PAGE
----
US Secretary of State to focus on security on first African visit
NAIROBI – Reuters
U.S. Secretary of State Rex Tillerson flew to Ethiopia at the start of his first diplomatic trip to Africa on March 7, seeking to bolster security alliances on a continent increasingly turning to China for aid and trade.
He was due to visit the African Union where many officials are still smarting from U.S. President Donald Trump’s reported dismissal of member states as “shithole” countries in January. Trump later denied making the comment.
U.S. officials did not release a detailed schedule but said Tillerson would focus on discussing ways of fighting terrorism and promoting stability, trade and investment on the week-long tour.
Tillerson was due to visit the east African powerhouses of Ethiopia, the home of the African Union, and Kenya - both key U.S. allies in the fight against al Shabaab Islamist militants in Somalia.
He was also scheduled to visit tiny Djibouti, host to sprawling U.S., French and Chinese military bases.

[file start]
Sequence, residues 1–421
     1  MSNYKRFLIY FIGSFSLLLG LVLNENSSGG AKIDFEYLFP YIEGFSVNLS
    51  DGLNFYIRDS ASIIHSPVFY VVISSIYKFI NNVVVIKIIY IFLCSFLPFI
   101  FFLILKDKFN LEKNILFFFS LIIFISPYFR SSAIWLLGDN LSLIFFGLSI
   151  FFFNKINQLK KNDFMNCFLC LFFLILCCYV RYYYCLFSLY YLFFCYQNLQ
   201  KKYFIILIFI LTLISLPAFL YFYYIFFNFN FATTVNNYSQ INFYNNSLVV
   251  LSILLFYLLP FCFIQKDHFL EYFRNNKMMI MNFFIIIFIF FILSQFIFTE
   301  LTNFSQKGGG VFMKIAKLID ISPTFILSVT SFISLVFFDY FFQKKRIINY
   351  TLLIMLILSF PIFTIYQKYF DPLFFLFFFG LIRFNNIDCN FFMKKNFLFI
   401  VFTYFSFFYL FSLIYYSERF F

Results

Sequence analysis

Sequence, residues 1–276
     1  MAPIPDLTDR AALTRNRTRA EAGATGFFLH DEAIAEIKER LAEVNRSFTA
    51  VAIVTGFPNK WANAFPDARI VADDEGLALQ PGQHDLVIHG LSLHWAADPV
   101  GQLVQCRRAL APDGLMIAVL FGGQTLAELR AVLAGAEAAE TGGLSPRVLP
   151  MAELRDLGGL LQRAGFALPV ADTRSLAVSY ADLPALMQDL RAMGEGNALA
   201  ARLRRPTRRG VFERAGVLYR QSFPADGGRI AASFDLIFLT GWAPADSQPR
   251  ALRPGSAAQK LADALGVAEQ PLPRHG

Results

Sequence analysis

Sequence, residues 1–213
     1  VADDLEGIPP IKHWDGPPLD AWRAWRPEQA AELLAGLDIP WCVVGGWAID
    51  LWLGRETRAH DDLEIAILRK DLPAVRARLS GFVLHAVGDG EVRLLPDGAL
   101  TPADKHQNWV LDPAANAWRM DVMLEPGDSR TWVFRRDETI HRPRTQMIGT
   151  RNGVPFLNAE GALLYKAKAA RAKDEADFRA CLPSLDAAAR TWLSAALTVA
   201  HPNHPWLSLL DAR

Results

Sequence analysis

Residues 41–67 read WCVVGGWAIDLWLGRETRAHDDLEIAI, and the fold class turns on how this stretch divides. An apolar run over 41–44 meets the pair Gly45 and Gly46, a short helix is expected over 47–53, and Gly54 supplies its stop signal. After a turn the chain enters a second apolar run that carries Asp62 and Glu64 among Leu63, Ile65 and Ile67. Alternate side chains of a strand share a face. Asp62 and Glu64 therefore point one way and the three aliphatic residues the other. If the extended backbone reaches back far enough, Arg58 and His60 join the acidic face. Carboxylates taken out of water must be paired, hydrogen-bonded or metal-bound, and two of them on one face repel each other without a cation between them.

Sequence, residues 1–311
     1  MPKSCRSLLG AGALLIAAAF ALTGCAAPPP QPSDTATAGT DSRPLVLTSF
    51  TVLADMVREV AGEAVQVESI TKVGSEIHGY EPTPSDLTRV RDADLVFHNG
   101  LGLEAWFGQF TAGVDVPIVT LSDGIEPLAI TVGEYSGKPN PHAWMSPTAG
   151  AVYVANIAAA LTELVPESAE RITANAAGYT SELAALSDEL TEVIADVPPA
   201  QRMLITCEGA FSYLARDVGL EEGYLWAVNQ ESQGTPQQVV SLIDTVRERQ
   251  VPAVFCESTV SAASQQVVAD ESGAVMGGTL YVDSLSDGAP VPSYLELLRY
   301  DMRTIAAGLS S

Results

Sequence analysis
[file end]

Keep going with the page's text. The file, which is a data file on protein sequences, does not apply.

Analysts say Trump has focused mainly on security concerns in Africa at a time when China, Turkey and other nations are ramping up diplomatic and business links.
Trump has authorized the use of more aggressive U.S. military operations in Somalia and the deaths of four U.S. soldiers in Niger last year shone a spotlight on increasing U.S. counter-terrorism engagement in West Africa.
At the same time, key ambassadorships in South Africa, Democratic Republic of Congo and other nations remain unfilled, along with the continent’s top diplomatic position, the assistant secretary of state for Africa.
Trump has said he wants to cut the budgets for foreign aid and the State Department by a third.
“Africa is ready and open for business. And the Chinese have understood it and have been more proactive and aggressive in a way that it’s benefiting them,” Brahima Coulibaly, the director of the Africa Growth Initiative at Brookings Institution, said, commenting on the trip.
Acting Assistant Secretary for African Affairs Don Yamamoto told journalists on March 5 that U.S. diplomats were becoming concerned about the high levels of Chinese debt some nations were incurring.
“The United States was concerned that some Chinese loans were pushing countries back into heavy debt not long after they received debt relief from international financial institutions,” he said.
“We’re seeing countries at 50 percent, 100 percent, and in one case 200 percent of GDP debt based on concessionary loans from China.”